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Thread: Fright Fest 11 - Franken Berry Turns Your Poop Pink

  1. #61
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    Re: Fright Fest 11 - Franken Berry Turns Your Poop Pink

    I have one last request if it's not too late, bro. M. Night Shymaladingdong's The Visit.

  2. #62

    Re: Fright Fest 11 - Franken Berry Turns Your Poop Pink

    Quote Originally Posted by Kairi HoHo View Post
    Jim thank you for reviewing The Last House On the Left and reading what you said about the Film made me want to see the film for the first time. Now I've seen the remake and the Daughter surviving in the remake and them having a better result vs in this one Mari is dead adding to the fuel of her family wanting to get revenge with Krug and his buddies I'll take the original more no doubt. Truly disturbing to watch like in said especially when Mari, and Phyllis are being abused to the point I was damn I wish I could do something. I'm happy as fuck to see Krug and Company get theirs in the end just as the Cops show up late to the Party. It gets people talking if a loved one of yours was raped and abused like Mari was would you take it your hands or have Cops deal with them.
    Does that mean you've now watched the original or is it that you're only wanting to with some assumptions being made?

    Quote Originally Posted by Kairi HoHo View Post
    Last night I watched One Cut of the Dead and I'm glad I dug in after the first 30 to 40 Minutes because I was like what I'm I watching. After you get the Story on how they got to that point of Shooting etc it was a so funny to see one of the most dysfunctional group of people put together a film.
    It's certainly a movie that is constantly changing, with each new "Version" adding more fun to the film.

    Quote Originally Posted by Bro View Post
    I have one last request if it's not too late, bro. M. Night Shymaladingdong's The Visit.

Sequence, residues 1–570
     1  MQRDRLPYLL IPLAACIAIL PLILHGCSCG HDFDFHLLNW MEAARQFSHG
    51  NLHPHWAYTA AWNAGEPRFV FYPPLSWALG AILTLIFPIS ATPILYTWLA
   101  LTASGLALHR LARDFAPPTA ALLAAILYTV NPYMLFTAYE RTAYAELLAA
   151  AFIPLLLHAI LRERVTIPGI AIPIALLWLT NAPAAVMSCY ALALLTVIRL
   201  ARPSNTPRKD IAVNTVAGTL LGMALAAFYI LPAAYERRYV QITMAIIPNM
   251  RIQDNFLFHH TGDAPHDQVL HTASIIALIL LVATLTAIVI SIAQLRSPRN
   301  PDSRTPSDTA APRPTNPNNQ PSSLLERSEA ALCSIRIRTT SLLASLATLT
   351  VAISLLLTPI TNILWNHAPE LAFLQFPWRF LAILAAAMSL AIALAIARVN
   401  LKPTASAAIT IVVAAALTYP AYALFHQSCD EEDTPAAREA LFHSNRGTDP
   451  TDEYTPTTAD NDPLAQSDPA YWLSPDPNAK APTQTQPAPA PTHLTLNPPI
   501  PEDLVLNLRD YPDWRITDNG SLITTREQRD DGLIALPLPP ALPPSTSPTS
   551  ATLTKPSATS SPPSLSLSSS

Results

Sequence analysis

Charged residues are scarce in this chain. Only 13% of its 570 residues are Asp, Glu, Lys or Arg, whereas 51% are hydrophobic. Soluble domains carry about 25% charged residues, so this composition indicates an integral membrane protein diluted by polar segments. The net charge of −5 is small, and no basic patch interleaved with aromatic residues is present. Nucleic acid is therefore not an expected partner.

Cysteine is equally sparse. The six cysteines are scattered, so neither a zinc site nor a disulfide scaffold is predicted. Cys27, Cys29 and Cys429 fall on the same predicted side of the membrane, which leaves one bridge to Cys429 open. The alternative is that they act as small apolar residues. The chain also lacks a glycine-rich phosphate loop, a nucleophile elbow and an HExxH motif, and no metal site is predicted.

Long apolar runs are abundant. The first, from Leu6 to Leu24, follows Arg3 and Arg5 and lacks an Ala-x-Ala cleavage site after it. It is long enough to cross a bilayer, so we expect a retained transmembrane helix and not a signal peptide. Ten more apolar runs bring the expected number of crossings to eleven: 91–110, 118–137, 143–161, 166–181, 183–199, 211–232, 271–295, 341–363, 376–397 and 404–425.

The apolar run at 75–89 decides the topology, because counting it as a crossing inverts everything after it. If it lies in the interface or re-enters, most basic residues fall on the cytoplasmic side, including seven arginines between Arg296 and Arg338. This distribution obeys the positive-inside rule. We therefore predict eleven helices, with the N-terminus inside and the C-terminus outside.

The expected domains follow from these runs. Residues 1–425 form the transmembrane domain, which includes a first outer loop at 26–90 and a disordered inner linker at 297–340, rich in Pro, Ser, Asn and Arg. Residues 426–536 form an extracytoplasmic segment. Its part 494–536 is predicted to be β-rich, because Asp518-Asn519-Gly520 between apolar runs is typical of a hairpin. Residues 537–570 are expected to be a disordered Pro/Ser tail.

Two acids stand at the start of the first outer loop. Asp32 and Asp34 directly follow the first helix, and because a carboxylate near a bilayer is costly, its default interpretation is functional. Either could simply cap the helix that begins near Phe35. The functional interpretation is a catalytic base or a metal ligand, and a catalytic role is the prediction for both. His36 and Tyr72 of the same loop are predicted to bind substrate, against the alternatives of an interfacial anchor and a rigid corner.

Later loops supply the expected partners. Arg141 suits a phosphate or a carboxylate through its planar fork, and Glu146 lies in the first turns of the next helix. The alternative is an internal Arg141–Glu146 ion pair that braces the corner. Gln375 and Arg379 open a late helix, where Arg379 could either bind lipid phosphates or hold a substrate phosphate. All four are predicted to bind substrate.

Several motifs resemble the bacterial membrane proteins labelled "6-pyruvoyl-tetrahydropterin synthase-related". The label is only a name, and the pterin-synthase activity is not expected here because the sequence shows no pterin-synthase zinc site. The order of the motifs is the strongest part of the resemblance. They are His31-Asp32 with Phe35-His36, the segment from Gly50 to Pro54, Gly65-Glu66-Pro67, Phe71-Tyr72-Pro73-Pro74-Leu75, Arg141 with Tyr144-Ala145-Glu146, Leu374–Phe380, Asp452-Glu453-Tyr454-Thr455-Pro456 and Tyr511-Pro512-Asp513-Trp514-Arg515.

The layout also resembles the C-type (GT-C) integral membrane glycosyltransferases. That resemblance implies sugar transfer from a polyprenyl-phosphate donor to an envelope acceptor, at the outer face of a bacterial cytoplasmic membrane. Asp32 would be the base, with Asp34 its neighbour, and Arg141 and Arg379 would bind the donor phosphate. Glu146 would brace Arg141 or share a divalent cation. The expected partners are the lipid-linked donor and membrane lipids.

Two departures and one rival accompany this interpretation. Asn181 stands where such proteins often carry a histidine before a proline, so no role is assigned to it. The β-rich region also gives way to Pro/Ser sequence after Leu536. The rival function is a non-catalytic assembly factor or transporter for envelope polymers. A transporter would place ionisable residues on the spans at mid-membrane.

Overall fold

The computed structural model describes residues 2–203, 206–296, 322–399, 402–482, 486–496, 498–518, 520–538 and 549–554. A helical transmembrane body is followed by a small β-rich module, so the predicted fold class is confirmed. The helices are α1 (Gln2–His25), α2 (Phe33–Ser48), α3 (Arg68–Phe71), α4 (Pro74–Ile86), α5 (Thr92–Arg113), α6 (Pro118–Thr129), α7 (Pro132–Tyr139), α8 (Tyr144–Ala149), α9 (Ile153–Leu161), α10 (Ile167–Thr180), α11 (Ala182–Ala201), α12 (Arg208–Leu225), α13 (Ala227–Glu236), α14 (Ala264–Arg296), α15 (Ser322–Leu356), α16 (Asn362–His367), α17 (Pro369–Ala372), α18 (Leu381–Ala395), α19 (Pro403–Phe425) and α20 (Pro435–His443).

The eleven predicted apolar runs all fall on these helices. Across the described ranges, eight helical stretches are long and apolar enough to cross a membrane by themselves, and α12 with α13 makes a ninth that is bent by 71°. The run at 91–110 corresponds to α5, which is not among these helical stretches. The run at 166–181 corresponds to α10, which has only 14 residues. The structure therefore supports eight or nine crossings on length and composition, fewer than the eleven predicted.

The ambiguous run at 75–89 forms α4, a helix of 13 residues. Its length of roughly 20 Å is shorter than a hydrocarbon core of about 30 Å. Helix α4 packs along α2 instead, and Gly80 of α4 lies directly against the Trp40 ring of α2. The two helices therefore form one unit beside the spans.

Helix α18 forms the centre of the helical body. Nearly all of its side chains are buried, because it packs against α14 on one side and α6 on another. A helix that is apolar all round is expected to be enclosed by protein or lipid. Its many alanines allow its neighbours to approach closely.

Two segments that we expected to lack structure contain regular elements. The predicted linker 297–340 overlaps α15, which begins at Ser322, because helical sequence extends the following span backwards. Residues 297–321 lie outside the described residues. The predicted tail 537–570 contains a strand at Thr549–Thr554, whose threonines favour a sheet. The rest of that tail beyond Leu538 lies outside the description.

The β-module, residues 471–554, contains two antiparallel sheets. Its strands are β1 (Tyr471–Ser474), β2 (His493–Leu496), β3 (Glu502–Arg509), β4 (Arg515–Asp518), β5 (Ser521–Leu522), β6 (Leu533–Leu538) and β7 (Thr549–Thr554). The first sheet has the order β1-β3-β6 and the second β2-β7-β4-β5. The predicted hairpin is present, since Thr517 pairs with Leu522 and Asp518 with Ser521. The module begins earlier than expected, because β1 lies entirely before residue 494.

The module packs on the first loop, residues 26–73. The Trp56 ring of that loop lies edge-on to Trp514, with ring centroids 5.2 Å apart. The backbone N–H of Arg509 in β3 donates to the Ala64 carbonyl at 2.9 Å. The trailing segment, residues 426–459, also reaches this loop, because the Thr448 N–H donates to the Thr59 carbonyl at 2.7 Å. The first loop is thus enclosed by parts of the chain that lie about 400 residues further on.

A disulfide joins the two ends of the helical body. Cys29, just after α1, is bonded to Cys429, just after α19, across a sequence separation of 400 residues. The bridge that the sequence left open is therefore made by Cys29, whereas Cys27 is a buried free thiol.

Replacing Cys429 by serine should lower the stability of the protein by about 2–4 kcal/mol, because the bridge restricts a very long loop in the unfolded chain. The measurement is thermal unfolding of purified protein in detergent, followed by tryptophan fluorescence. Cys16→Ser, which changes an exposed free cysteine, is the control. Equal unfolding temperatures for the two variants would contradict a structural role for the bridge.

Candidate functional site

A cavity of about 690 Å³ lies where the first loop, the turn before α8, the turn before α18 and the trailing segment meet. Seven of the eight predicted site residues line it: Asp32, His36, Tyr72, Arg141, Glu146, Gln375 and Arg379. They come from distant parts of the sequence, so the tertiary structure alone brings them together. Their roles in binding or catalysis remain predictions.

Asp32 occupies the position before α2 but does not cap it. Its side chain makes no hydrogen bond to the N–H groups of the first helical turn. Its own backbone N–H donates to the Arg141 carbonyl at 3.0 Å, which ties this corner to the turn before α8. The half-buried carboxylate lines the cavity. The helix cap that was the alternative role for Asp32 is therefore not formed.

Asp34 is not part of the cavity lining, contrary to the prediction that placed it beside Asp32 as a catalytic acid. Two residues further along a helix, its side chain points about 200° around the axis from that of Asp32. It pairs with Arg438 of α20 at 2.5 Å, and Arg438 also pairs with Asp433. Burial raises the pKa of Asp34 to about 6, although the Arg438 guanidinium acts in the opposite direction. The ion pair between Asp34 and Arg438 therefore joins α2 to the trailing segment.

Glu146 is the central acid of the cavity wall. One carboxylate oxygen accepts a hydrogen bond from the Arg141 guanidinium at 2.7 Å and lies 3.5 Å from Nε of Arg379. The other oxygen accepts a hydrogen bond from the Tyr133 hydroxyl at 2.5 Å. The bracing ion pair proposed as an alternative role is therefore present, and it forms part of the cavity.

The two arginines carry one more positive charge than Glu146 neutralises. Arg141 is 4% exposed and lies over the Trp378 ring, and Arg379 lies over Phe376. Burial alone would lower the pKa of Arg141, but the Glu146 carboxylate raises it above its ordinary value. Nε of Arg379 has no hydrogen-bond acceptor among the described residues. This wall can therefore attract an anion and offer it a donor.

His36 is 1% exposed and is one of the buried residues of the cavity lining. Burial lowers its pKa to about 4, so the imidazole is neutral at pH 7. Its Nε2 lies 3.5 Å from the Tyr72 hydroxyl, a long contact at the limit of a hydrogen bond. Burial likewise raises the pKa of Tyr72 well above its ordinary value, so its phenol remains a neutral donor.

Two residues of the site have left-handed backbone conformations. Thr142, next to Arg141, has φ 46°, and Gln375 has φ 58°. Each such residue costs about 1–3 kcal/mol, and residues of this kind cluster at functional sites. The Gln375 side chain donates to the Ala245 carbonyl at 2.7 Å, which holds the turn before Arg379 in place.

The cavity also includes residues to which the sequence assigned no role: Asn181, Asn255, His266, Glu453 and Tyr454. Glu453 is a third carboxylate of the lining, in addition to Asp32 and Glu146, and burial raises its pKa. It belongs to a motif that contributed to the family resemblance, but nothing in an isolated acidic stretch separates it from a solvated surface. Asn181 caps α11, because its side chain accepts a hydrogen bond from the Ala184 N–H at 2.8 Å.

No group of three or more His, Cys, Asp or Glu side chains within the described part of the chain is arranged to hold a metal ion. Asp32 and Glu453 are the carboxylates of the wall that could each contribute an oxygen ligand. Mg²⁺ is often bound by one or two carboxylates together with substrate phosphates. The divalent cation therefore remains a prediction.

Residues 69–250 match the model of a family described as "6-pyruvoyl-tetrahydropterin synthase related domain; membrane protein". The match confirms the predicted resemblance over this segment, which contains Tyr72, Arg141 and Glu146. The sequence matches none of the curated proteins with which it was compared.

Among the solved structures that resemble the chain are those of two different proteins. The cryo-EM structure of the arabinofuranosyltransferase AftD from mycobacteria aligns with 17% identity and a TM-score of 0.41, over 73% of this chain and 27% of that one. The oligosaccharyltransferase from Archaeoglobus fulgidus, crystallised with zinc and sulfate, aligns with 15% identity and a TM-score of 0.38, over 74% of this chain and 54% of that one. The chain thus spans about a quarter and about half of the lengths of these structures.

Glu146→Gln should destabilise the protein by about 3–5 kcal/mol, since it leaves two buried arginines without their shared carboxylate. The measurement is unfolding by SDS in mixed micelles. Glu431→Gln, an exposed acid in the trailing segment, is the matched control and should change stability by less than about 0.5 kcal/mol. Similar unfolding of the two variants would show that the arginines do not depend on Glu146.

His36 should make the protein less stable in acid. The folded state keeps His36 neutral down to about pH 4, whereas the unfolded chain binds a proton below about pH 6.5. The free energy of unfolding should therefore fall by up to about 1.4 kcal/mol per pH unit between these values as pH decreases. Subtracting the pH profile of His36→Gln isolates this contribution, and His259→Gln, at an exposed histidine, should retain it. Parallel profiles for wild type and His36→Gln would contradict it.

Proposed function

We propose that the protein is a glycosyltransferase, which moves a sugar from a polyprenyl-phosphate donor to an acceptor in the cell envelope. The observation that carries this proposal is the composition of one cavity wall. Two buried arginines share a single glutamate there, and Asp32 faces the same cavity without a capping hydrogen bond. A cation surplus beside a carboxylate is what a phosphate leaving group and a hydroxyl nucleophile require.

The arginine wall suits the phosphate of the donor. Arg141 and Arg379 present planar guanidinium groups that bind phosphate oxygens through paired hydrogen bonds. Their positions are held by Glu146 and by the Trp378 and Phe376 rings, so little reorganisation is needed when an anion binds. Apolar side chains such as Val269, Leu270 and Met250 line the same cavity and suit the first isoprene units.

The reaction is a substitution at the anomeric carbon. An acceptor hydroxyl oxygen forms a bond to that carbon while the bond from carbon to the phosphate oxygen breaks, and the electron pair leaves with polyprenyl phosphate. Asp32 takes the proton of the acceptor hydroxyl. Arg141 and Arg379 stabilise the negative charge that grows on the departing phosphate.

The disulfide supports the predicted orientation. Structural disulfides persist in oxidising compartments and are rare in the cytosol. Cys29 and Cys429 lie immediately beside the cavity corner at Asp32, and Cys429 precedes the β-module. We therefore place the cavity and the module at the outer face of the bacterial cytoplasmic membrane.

It's still fine to be throwing in requests.

    Quote Originally Posted by Fuji Vice via rep
    Which version did you find with talking? The one I rememebr seeing was a silent movie.
    If you're referring to The Unknown, I'm just going off of the IMDb page that cites it as having English language. Even if there are some versions with some talking, I imagine it still very much so resembles a silent movie.

  3. #63
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    Re: Fright Fest 11 - Franken Berry Turns Your Poop Pink

    Oh I saw the film and I'm appreciative that your words made me finally see it rather than saying to myself for ages to check it out when I get time. I'll check out Freaks and Wolf Creek in the coming days also films I've never before.

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    Re: Fright Fest 11 - Franken Berry Turns Your Poop Pink

    Busy week so I'm way behind on this, but a few quick thoughts Last house on the Left I was never a fan of, I might have to give it another shot but the first two times watching it I just couldn't get into it. I remember it feeling all over the place and not making a lot of sense but it's been a good 10 years since I've watched it now.
    One Cut of the Dead sounds interesting, I might even ad it to my own horror movie month right now. I 100% thought when freaks was requested it was the new movie that just came out, this one doesn't interest me a whole lot, might give it a shot some other time during the year.
    So glad you did Wolf Creek, your experience seeing it is very similar to mine, almost exact in fact. Probably the same reason I'm a big fan of the movie as well, it doesn't get mentioned enough.